Senate debates

Thursday, 16 November 2023

Questions without Notice: Take Note of Answers


3:26 pm

Photo of Hollie HughesHollie Hughes (NSW, Liberal Party, Shadow Assistant Minister for Climate Change and Energy) Share this | Hansard source

I note that we had a New South Wales senator, Senator O'Neill, in here speaking earlier. She responded to Senator Smith taking note of this question and answer. Not at any stage did Senator O'Neill mention that New South Wales is actually the recipient of the greatest number of cuts to projects. All she wanted to talk about was what was happening in WA, which is, of course, regional cuts—disgracefully behaviour that is putting regional populations, in particular, at risk. But I noticed that she didn't mention what was happening to her home state of New South Wales, which has seen the greatest number of cuts. Again, this feeds into the complete narrative that this Labor government doesn't understand how economics work.

They're talking about cutting spending, but what they're also doing by taking some of these projects off the table and removing funding for them is actually reducing productivity. Productivity is the one thing that will actually help reduce inflation and help get this economy moving and help reduce cost-of-living pressures. Real wages are declining at the moment—when we talk about wages, we put that word 'real' in front of it. How we reverse that trend is by boosting our productivity. What we see here are cuts being made to infrastructure that was specifically designed to boost productivity. If you go into the regions where these freight trails were, it was important for the Commonwealth to invest more than the states because they went through regional centres.

One that will be cut is actually in my old hometown of Moree. They are going to lose improvements to the Gwydir Highway, a very, very busy highway that sees a lot of freight and trucks. It also sees combine harvesters, particularly around this time of year, going up and down the highway as they move from property to property. It is also cotton territory, so we see big cotton harvesters out there. That funding is going, so we're going to put those lives at risk. We also know that the intermodal terminal in Moree will no longer be funded.

We just heard from Senator Grogan about the car park rorts. I did note what was interesting: the one in Campbelltown is actually getting a boost in funding, so obviously not all of them are rorts, because this government is actually giving a boost in funding to the one in Campbelltown. I guess that's a good thing, because, when you look at the volume of projects that are going to be cancelled throughout south-west Sydney and Western Sydney, the congestion around these areas is going to be considerably worse.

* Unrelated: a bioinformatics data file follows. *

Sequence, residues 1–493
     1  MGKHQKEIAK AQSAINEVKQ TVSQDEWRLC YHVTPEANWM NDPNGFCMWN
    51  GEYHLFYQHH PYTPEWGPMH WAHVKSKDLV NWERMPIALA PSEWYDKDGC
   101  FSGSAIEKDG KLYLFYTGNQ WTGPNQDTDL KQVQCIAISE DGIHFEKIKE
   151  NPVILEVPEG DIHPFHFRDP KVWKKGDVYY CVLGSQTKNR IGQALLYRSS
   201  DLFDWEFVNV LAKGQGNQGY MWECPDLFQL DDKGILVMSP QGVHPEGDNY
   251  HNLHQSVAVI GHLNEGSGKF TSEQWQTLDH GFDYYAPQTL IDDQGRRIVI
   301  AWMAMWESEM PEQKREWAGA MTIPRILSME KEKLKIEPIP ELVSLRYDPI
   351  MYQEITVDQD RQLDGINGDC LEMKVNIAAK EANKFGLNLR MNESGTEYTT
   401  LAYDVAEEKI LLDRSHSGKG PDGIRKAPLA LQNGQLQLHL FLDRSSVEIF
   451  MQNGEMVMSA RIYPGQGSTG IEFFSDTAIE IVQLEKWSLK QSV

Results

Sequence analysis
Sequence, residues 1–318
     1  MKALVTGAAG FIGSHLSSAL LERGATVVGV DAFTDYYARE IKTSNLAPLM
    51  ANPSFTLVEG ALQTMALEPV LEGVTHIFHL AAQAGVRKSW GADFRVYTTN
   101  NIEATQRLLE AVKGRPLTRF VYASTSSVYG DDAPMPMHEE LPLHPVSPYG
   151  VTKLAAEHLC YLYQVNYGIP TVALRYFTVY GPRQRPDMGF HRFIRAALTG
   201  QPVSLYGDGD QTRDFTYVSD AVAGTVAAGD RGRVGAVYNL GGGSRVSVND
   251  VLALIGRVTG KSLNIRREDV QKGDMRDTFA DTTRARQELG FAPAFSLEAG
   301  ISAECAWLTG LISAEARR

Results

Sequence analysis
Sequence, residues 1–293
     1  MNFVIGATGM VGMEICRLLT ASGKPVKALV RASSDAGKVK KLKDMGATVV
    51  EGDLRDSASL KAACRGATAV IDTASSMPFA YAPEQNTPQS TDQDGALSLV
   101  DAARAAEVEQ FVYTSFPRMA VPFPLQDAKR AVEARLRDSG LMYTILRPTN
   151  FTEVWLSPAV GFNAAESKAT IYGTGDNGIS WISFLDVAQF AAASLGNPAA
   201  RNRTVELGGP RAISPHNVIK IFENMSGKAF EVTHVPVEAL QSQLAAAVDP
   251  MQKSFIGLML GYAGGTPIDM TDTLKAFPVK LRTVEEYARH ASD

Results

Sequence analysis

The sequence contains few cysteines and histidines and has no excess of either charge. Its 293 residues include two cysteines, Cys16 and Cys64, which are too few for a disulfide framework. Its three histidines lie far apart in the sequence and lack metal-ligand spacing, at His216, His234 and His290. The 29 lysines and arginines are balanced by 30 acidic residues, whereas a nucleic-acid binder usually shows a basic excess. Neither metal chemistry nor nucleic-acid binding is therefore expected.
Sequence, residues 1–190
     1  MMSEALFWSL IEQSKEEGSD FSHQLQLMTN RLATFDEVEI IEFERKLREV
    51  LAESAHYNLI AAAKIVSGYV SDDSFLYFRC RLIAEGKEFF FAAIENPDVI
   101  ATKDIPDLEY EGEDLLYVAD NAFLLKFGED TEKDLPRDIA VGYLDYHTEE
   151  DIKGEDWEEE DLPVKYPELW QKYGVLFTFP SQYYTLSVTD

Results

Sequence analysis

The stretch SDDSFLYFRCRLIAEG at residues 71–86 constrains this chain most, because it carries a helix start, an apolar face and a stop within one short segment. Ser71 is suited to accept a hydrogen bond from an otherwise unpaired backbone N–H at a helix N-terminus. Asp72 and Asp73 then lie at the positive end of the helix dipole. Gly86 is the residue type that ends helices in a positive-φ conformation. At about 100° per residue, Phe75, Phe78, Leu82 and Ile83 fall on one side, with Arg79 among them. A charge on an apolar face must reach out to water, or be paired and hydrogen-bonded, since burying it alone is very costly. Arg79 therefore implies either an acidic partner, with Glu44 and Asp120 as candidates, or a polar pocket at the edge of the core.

One of the areas that we're going to see a cut—and, again, I'm going to quote Senator Grogan—are projects that were 'half thought through', including the M7-M12 Integration Project. Transport New South Wales, which is obviously now under a Labor government, said:

The M7-M12 Integration project will support future development growth in Western Sydney by improving travel times and congestion. Once complete, the project will provide direct access to commercial and residential hubs, and the new Western Sydney International Airport.

Apparently, a half thought through project is one that opens up Western Sydney, one of the fastest growing areas in the nation! At a time when we're facing a cost-of-living crisis coupled with a housing crisis, those opposite, in another little brainwave that they've had, are going to remove construction and funding from a road that is deliberately being built to open up Western Sydney, improve access and ensure that the people who live in Western Sydney can work in Western Sydney. We understand here that, when we put these infrastructure projects in and housing and commercial enterprises go together, it actually forms a community, without people in Penrith having to travel to the Sydney CBD every day to get a job and go to work, because the Penrith CBD is booming and people are able to work closer to home.

We're also going to see a cut to the Werrington arterial stage. This is another project that was going to boost economic participation and connection between the Great Western Highway, Werrington and Marsden Park. This is in north-west Sydney, another booming area to which we are seeing young families move, and we want them to be able to work there. We want those areas to grow and thrive so they turn into communities and people can spend less time in their cars commuting and more time with their families and loved ones. We have family-friendly hours in this place. What a joke. But that's how they are. That's how they operate. Being family friendly obviously doesn't come into it when they are taking away the opportunities for families to live, work and have infrastructure around them to make their lives get better.

Question agreed to.


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